On the morning of the 1st of September 1923, there were more than 2,000 sento in Tokyo. Just two days later only 400 were still standing following the biggest earthquake to ever hit the city. Most of the 700 establishments remaining today are concentrated in the shitamachi or working-class districts in the east side of the city. Zoom Japan has visited three of the most beautiful, representing old and new approaches to this centuries- old tradition.
Takara-yu (meaning “treasured water”), as the name suggests, is a real jewel of a place. Hidden in one of the backstreets of Kita-Senju, its exterior has remained unchanged since 1937 when it was first built – an exceptional feat in a country where wooden buildings – including temples and shrines – are regularly rebuilt to replace the worn out materials.
Some of its finest features can be enjoyed even before setting foot inside. The carving above the main entrance, for instance, features the Seven Lucky Gods of Buddhism. Created from a single wooden panel, this masterpiece was made by the same artist who carved the famous three monkeys at Nikko’s Toshogu shrine. The carving is topped by a crane – a good luck charm – and a pine tree, or “matsu” in Japanese, which stands for the owner’s name, Matsumoto. Another typical sento-related symbol (from the Edo period) is the bow and arrow dangling off to the left. They are said to attract customers as their combined Japanese name, yumiya, is a pun on the expression “yu ni iru” which means “getting into the water”. Another one of Takarayu’s jewels is a gorgeous Japanese garden with a pond whose resident koi carp are 50 years old. Shimizu-yu, in the southern Shinagawa Ward, is a stylish example of how public baths have evolved in order to meet popular tastes. First opened in 1924, according to third generation owner Kawagoe Taro, his father decided to dig for a hot spring in order to revive their declining fortunes. They struck “black gold” (the colour of hot-spring water in Tokyo) in 1994 and in 2007 they found something even better: a “golden water” that is famous for its curative qualities. Black hot-spring water comes from 200 metres underground but in order to find the golden water they had to drill all the way down to 1500 metres. The curative effect of the iron-rich water contained in the granite-made bathtub is enhanced by a process called nano-bubbles. Shimizu-yu is now the only sento in Tokyo with not one, but two different kinds of hot spring water that people can enjoy at a sento’s traditionally low prices. It is so popular that on the morning we visited there was a long queue of people waiting outside to be the first into their small outdoor bathtub. With its atmosphere of old Tokyo, Myojin-yu is one of the city’s most famous public baths. Established in 1957 in Ota Ward (one of Tokyo’s main sento areas), it was built, like Takara-yu, in the characteristic temple style with high ceilings that can only be found in Tokyo. Its main feature is the hafu, a curved wooden shape hanging over the entrance. According to sento expert Machida Shinobu, traditionally this design can be found in four very different places: a shrine, a sento, on top of a hearse and at the entrance to a red light district. In all these cases it symbolizes – in one way or another – an entrance to paradise.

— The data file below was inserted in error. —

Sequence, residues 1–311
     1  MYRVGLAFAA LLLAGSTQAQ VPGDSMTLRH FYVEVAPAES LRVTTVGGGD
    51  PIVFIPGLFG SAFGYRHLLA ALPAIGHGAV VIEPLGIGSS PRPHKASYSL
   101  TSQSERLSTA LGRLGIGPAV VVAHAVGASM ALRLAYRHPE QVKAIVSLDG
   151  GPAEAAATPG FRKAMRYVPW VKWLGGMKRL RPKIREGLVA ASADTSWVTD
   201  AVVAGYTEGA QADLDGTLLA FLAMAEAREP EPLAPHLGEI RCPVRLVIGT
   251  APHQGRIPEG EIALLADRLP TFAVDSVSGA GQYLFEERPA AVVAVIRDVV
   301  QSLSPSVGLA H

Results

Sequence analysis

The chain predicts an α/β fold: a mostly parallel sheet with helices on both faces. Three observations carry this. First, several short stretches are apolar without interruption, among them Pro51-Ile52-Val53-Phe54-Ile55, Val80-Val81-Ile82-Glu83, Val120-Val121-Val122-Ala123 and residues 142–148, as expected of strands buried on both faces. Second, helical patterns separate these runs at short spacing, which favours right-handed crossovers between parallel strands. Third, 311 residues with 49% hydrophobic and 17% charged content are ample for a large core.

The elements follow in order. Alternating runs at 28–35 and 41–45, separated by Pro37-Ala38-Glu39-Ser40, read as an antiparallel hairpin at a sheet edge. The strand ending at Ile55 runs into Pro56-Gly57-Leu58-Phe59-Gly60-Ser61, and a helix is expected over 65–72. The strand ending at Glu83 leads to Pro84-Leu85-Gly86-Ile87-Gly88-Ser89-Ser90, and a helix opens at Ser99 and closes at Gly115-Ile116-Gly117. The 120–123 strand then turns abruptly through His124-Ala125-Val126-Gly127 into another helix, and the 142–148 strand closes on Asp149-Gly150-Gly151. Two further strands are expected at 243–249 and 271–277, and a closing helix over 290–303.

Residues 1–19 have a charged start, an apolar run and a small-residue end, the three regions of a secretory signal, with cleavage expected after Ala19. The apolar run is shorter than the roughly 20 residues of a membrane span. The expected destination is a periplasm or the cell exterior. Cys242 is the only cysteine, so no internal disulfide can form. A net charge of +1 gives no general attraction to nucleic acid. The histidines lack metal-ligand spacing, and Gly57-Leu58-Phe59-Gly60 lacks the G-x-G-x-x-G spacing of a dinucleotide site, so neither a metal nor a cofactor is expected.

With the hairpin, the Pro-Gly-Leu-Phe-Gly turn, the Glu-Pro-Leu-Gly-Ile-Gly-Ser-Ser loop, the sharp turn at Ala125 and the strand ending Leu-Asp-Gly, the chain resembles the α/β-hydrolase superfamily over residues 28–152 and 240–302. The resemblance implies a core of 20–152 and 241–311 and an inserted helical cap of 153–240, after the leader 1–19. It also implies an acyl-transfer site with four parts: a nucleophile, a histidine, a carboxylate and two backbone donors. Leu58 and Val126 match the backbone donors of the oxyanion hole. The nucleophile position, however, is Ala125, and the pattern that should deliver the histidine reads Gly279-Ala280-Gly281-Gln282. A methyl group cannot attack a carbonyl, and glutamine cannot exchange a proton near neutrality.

Originally, public baths were much simpler affairs and it was only after the Great Kanto Earthquake (1923) that carpenters specializing in temple and shrine construction were asked to rebuild the damaged sento. That style became very popular, but only in Tokyo. Traces of Buddhist temple architecture can even be found in the dressing rooms, with high ceilings and a unique ‘s’ shaped structure at the juncture between the roof and wall. Decoration gives way to functionality inside the bathroom area. The water coming from underground (in Myojin’s case from their private well) is pressurized through a complex piping system, thanks to which it flows at a specific angle. Even the floor in the shower area is slanted at a certain angle to avoid pools of water, which would cause mold. This is of the utmost importance as otherwise the constant humidity and steam would cause serious damage. Indeed, it is almost a miracle that traditional public baths last for so long without extensive repairs.
Photo: Jérémie Souteyrat